He was cast as everybody's good guy, the candidate with great press clippings and no chance of going anywhere. But last night John B. Anderson tore up that script.
Surrounded by ecstatic collegiate supporters in the ballroom of the Sheraton Boston, Anderson quoted that old Bostonian Ralph Waldo Emerson: "There is nothing that astonishes man so much as common sense and plain dealing."
Astonishing and mildly astonished himself, John Anderson of Illinois barely trailed Ronald Reagan in Vermont and George Bush in Massachusetts. b
At one point, an aide showed him some early figures from Massachusetts -- leading Bush by 2 percentage points with a quarter of the votes counted. Anderson, usually so articulate and forceful at the campaign rostrum, replied: "Wow."
On the platform, Anderson addressed hundreds of cheering fans, most of them college volunteers from the Boston area, who adopted the Illinois congressman as their own and had a lot to do with his dramatic showing.
"We tried to make this first and foremost a campaign of ideas," he told them. "We're going to leave here and carry the same message and the same campaign across the country."
While Anderson faces formidable problems in the weeks ahead -- including a shortage of cash and uneven preparations for the heavy schedule of upcoming primaries -- this campaign manager, Michael McLeed, said tonight that Anderson is now considering going south for next week's Florida primary a contest Anderson had planned to skip.
"Obviously, we're going to make just a tremendous strong showing," the candidate said tonight, thanking his collegians. "My heart is overflowing with gratitude."
Anderson poked fun at the wise persons of the press who gave him no chance and at Republican opponents who had dismissed him as a spoiler.
His campaign was calculated to focus on ideas, he noted, "whether or not it was calculated to please the pundits."
"I do not believe I have been a spoiler, as some suggest," Anderson said. "Is it to spoil to offer honest new ideas? Is it to spoil to get away from stale rhetoric? Does it spoil the tradition of American democracy to try to reinvolve young people?"
The young people surrounding him in his hour of glory went fairly bananas over Anderson's rhetoric. Besides Emerson, he quoted Lincoln ("Let us have faith that right makes might"), and Cicero ("With faith comes courage"). h
The college students screamed. One of them shouted: "You gotta believe!"
As he left the ballroom, Anderson was asked if he was surprised.
"Oh, yes," said the 10-term congressman from Rockford, Ill. "I was convinced I would start to win, but I wasn't prepared for first place that quickly -- in Vermont."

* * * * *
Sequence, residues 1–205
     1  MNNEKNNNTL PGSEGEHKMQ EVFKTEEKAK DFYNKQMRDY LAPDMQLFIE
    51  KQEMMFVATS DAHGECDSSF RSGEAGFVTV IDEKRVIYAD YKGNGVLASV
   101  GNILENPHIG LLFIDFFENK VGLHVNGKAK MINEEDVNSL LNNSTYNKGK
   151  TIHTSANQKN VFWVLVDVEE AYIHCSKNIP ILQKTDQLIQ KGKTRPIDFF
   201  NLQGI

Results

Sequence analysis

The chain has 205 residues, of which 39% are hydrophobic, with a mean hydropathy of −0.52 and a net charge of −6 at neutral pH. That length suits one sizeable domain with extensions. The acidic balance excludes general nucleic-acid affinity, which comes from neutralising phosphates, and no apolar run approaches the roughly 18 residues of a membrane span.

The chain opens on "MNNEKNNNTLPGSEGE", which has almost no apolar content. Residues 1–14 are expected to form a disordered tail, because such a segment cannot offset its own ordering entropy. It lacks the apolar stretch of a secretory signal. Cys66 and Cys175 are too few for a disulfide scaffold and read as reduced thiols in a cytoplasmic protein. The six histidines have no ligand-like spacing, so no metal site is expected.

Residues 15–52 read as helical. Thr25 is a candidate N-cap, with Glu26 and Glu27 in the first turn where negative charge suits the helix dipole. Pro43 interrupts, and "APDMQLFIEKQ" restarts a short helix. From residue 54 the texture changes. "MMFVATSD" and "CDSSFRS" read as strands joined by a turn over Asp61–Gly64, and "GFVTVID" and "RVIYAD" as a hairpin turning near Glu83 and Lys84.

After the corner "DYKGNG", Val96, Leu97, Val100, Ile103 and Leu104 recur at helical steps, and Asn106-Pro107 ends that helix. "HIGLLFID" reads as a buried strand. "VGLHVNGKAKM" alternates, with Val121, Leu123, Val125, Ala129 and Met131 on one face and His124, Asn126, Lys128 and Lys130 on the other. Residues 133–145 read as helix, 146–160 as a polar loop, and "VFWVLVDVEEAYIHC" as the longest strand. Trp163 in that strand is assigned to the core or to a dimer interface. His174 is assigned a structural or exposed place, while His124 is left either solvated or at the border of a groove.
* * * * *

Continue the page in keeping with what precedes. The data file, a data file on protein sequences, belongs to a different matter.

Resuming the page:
Campaigning before the Massachusetts and Vermonts votes were cast, Anderson exuded the self-confidence that has kept him grinning while the so-called knowledgeable observers wrote his candidacy off as hopeless even naive.
"I see this as a two-or three-stage rocket," he explained. "We haven't ignited the second or third stage."
"All week I have felt a kind of tide flowing to the Anderson campaign and it is going to spread across the country," Anderson said at a rally Monday night on the eve of the primary.
Anderson, out-organized and out-bankrolled, pushed forward and gained his surprising showing in large part with a cadre of volunteers -- hundreds of college foot soldiers not seen in such numbers and enthusiasm since Eugene McCarthy's "Clean for Gene" brigade in 1968 and the 1972 "McGovern minions."
Hundreds of those volunteers drank beer and gin and tonic and shrieked every time Walter Cronkite gave a new statistic on the race. It looked like a fraternity party. A huge sheet tacked to one wall bore the Anderson motto born at Tufts University -- "You've Got to Believe."
The students were from all the surrounding schools -- Harvard, MIT, Tufts, Boston University, Brown. Anderson captured the students for two reasons said Sandy Spaulding, a student at Boston Universtiy law school and the son of Si Spaulding, Anderson's Massachusetts campaign manager: "People don't like Republicans because they don't have a heart," Spaulding said. "They're not into social issues; Anderson is. But at the same time, students are more concerned about 18 percent inflation and are no longer sold on the Democrats credit card philosophy. They like his fiscal conservatism."
Despite all of his other handicaps, Anderson believes this is his selling point for the Republican Party -- the ability to recruit new faces.
"I have forged something quite distinctive," he said recently. "I have just got to keep hammering that home to the Republican Party -- to reach out and bring people in.Bush can't do it. Reagan can't do it -- I can."